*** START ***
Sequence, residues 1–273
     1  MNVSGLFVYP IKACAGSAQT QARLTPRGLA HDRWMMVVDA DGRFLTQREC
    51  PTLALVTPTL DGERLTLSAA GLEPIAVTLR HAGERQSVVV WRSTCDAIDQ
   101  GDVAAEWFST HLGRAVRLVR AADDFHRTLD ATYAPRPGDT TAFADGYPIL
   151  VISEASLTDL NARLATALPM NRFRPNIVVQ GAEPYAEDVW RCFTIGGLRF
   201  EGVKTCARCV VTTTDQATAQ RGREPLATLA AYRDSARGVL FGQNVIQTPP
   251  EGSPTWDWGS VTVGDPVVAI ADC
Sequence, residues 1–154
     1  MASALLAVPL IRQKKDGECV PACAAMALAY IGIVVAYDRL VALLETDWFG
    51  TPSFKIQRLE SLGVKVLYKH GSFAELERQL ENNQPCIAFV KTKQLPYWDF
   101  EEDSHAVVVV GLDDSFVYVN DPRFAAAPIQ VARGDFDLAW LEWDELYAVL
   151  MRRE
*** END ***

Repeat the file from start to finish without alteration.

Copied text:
Sequence, residues 1–273
     1  MNVSGLFVYP IKACAGSAQT QARLTPRGLA HDRWMMVVDA DGRFLTQREC
    51  PTLALVTPTL DGERLTLSAA GLEPIAVTLR HAGERQSVVV WRSTCDAIDQ
   101  GDVAAEWFST HLGRAVRLVR AADDFHRTLD ATYAPRPGDT TAFADGYPIL
   151  VISEASLTDL NARLATALPM NRFRPNIVVQ GAEPYAEDVW RCFTIGGLRF
   201  EGVKTCARCV VTTTDQATAQ RGREPLATLA AYRDSARGVL FGQNVIQTPP
   251  EGSPTWDWGS VTVGDPVVAI ADC
Sequence, residues 1–154
     1  MASALLAVPL IRQKKDGECV PACAAMALAY IGIVVAYDRL VALLETDWFG
    51  TPSFKIQRLE SLGVKVLYKH GSFAELERQL ENNQPCIAFV KTKQLPYWDF
   101  EEDSHAVVVV GLDDSFVYVN DPRFAAAPIQ VARGDFDLAW LEWDELYAVL
   151  MRRE